Howard Sudberry, the longtime Chicago-area sportscaster, works for Arlington Park now, but when he points out his favorite spots for watching races it's obvious he spent many years as a fan.
Sudberry's late father, also named Howard, was a horse trainer. His family lived in downstate Pekin, and the future sportscaster spent time with his dad at St. Louis tracks and, occasionally, Arlington Park.
"I'm most at home on the backstretch, and I go there as often as I can," Sudberry said Thursday. "That's where it all starts. And the horses tell me who's going to win the races."
Arlington Park's 2012 racing season begins Friday. Gates open at 11:15 a.m., and the first race is at 3 p.m.
While the track's director of marketing and communications isn't bad-mouthing the higher-priced box seats or views from the sit-down dining in The Million Room, the first places Sudberry mentions for watching a race are general admission areas.
Let's say you walk out of the new beer garden in the picnic grove and wander over to the rail.
"They come around that turn, and the jockeys set them down for the drive," he said. "Your horse is in contention, that's a great thrill. From here to the wire you hold your breath."
There's also a great view from the second level of the grandstand, where the Loop skyline is visible on a clear day.
"It's great to sit up there with a few buddies in the high seats on a hot summer day," Sudberry says. "I would go way down to the west end sometimes. When you bet on a horse you might come down to the rail and watch the end of the race. You can't see everything from there, but you can see the turn for home."
Sudberry sits by the rail in the Terrace Cafe, where a table for four usually costs $30 in addition to general admission but is free on Wednesdays and Thursdays.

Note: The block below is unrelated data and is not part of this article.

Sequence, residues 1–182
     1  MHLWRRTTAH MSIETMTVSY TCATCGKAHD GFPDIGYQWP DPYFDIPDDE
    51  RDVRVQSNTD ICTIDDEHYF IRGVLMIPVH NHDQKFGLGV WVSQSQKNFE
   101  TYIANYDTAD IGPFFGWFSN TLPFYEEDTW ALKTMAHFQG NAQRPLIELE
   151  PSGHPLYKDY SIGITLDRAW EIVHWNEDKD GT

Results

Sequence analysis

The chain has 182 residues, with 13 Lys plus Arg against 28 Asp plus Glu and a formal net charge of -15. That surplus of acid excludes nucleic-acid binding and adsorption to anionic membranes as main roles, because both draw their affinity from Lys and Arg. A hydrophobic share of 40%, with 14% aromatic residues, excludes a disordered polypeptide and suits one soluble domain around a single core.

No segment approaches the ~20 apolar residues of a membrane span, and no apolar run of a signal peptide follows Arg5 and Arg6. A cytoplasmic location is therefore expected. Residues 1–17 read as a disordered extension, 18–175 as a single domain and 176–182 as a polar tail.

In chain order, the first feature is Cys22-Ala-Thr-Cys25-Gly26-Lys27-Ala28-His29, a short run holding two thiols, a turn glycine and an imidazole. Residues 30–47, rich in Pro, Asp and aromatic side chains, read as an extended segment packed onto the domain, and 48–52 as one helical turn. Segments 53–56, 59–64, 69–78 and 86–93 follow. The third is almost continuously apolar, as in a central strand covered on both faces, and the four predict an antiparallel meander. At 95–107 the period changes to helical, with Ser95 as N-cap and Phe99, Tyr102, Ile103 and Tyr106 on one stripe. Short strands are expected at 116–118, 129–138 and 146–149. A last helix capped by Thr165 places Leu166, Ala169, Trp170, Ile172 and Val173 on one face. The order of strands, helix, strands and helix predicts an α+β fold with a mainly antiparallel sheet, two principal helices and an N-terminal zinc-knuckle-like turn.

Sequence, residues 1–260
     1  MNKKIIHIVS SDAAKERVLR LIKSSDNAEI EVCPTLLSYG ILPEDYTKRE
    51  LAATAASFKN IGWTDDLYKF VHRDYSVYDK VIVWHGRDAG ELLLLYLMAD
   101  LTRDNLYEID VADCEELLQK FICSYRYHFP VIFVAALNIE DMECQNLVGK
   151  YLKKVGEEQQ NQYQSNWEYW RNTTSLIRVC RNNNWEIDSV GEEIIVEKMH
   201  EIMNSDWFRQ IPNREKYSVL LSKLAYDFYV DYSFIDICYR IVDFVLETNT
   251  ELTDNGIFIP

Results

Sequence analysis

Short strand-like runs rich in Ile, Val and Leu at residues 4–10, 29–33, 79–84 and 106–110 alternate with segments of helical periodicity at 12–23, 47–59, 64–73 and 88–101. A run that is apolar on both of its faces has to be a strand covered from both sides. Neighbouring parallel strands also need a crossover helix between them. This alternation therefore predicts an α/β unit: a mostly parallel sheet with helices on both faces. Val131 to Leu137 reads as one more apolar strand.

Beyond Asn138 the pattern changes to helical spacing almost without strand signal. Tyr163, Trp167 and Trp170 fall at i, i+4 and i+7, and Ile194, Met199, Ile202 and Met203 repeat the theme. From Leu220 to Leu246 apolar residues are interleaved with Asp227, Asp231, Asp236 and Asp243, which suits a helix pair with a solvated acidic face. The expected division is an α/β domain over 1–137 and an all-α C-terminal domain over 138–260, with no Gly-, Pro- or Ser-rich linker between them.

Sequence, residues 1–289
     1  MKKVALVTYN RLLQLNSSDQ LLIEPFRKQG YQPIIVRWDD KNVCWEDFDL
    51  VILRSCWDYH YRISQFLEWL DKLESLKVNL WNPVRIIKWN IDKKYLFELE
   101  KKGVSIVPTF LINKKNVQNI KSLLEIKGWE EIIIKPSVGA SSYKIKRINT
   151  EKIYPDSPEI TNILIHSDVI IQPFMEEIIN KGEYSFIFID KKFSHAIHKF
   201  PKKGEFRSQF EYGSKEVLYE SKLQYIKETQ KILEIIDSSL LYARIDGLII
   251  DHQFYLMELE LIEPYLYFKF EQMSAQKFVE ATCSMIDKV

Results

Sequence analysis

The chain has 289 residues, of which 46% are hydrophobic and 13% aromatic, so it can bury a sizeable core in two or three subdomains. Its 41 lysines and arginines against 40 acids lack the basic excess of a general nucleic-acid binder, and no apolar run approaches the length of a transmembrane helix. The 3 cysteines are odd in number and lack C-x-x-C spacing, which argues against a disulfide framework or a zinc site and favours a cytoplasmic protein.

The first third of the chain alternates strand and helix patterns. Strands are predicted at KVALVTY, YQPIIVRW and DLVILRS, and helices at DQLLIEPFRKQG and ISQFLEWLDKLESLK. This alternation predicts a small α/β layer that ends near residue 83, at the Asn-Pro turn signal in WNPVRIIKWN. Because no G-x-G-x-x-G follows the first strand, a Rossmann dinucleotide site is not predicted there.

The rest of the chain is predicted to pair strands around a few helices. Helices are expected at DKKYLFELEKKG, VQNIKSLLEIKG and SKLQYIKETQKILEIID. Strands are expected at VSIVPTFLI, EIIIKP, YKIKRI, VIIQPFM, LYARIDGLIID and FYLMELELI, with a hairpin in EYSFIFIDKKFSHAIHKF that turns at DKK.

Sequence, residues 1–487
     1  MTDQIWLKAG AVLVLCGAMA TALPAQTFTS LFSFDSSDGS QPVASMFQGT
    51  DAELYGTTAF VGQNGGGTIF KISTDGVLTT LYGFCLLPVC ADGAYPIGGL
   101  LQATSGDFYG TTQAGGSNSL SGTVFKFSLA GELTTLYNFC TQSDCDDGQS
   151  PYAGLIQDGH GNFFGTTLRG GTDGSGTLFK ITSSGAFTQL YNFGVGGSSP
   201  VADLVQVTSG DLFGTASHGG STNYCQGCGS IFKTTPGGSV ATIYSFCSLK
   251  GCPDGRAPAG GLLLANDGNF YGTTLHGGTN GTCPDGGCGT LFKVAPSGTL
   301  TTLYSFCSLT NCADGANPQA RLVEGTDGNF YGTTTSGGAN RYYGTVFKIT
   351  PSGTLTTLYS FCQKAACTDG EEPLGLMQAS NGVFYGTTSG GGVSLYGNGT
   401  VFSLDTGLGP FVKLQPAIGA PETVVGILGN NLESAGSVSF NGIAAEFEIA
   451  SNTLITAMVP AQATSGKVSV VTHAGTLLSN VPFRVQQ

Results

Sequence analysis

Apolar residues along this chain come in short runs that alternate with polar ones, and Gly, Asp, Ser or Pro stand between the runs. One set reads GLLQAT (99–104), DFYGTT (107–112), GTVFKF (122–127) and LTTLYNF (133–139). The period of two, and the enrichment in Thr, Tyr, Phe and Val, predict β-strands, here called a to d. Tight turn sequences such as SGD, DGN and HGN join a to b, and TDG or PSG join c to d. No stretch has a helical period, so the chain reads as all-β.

"It's a great vantage point, being so low at a table like this with food and drink," he says. "The finish line is right there, and you have a view down the stretch. What more could you want? I wish we were running today."
Opening weekend at the track is always a festival. On Saturday, Mike Ditka will be there, and you might catch him if you go to Ditka's Corner in the food court, where his Italian beef sandwiches and giardiniera will be sold.
Other branded products, including wine and ribs, will be available during the season, said Sudberry, and special carts will carry Ditka's Bloody Marys.
"You can use the mix on food, too," said Sudberry. "Our chef is working up recipes now."
Another new feature that Sudberry points out is FastBet Mobile, which lets fans with smartphones or tablets wager from their seats or a food line.
And the gambler who refuses to bet on a horse until he sees it live can bet right from the gorgeous paddock after gazing down on the steeds.
"There are no sure things or guarantees," said Sudberry. "But if a horse is on its toes with its head up in the air and ears up, if he's into it and shows that with his body language, he's ready to go."